Windows 7 speculation starts in earnest this week, with Microsoft planning to give attendees at the Professional Developers Conference an in-depth preview of the operating system. Over the next few days, we can expect further details of a number of the rumoured features of Vista's successor, as well as many we've not heard of before.
But before Microsoft sets the ball rolling, here's the top eight Windows 7 features I'd like to be announced.
Speed: Microsoft always promises that its next desktop operating system will be faster, but how about committing to making the OS much quicker at booting up. Various rumours have suggested Windows 7 will get an Instant-On feature. That might be an unreasonable demand, and in practice it's debatable how 'instant' such a feature could be, but it's time Windows finally addressed slow startup times.
Compatibility: An obvious request for anyone who bought Vista (and various versions of Windows before it), but how long can Microsoft release OSes that don't work with a significant amount of third-party hardware/software at launch? The company must convince partners to get drivers sorted early on.
Price: The high price of Windows is always a major concern for consumers when a new version launches. While it's unlikely Microsoft will address retail prices when it talks about Windows 7 this week, can the company continue to position the OS as a premium product? Apple does this with Mac OS X, and it's dedicated users appear to be happy to pay the price. But Windows should be the OS for the mass market, and therefore should be the cheaper option - particularly if Microsoft expects people to upgrade their current machines.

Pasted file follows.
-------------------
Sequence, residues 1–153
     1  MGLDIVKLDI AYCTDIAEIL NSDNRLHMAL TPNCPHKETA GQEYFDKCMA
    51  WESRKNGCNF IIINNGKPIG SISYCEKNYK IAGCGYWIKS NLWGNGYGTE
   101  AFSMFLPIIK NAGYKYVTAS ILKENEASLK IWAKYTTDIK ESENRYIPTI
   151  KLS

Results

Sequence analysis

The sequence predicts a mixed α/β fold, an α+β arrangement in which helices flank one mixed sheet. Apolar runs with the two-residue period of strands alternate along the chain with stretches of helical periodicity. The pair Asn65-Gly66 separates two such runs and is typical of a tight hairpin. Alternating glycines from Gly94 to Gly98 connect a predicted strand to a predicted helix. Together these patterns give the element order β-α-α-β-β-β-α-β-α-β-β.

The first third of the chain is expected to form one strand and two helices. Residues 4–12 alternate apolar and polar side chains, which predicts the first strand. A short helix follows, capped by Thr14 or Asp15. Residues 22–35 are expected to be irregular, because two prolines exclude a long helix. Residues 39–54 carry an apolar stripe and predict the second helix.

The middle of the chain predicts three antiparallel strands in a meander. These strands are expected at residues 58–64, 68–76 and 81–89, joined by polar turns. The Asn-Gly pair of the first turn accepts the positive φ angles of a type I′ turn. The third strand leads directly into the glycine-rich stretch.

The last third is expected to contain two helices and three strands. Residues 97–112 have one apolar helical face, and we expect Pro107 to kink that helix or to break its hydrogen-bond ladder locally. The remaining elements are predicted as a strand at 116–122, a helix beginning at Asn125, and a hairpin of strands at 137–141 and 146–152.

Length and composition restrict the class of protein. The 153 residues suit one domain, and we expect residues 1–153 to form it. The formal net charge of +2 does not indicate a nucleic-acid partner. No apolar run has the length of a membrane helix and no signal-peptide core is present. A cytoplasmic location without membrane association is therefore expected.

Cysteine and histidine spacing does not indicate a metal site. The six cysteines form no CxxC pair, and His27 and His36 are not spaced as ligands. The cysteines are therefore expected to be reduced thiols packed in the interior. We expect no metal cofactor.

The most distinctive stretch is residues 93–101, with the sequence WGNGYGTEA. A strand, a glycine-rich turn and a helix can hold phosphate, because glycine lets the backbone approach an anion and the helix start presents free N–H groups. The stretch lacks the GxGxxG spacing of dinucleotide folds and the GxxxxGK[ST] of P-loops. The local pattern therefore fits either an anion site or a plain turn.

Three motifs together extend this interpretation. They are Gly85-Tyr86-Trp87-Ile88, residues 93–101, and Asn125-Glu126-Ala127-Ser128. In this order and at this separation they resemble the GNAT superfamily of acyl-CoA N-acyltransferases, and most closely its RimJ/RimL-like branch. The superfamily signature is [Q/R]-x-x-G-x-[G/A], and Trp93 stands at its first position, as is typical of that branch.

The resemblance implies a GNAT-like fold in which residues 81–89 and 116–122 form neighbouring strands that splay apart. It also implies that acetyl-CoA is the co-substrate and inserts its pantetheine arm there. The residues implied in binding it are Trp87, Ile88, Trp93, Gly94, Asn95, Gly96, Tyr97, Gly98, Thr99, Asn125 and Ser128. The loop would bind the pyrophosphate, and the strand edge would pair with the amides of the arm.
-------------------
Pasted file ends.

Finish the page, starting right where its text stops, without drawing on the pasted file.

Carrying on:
Versions: The number of versions of Windows increases with every release. You can understand the need for business versions, and perhaps a Windows 7 Basic for netbooks. But Windows Vista Ultimate has been a pointless product with a price premium. Don't make the same mistake with Windows 7, unless there really are some 'ultimate' features.
Release date: Microsoft has pledged to release new versions of Windows on a three-year cycle. Let's hope the company can stick to that. It took five years to release Vista - those sticking with XP to avoid Microsoft's latest OS would be in uproar if they have to wait until 2012 for Vista's replacement.
Less intrusive UAC: Ben Fathi, corporate vice president of development for Microsoft's Windows Core Operating System Division, said on the Engineering Windows 7 blog earlier this month that UAC is one of the "most controversial" Vista features, and that Microsoft plans to make prompts displayed by the tool "more informative" in future. Hopefully we'll find out more about these plans this week.
Substance over style: Does anyone really benefit from Vista's 'snazzy' Aero interface? Microsoft should focus more on the way Windows works, rather than the way it looks.
Forget the Hype: Microsoft disappointed many Windows users by promising the world with Vista, but many of the features we expected to be included were withdrawn from the final release. Let's hope everything that's discussed this week actually makes it into Windows 7.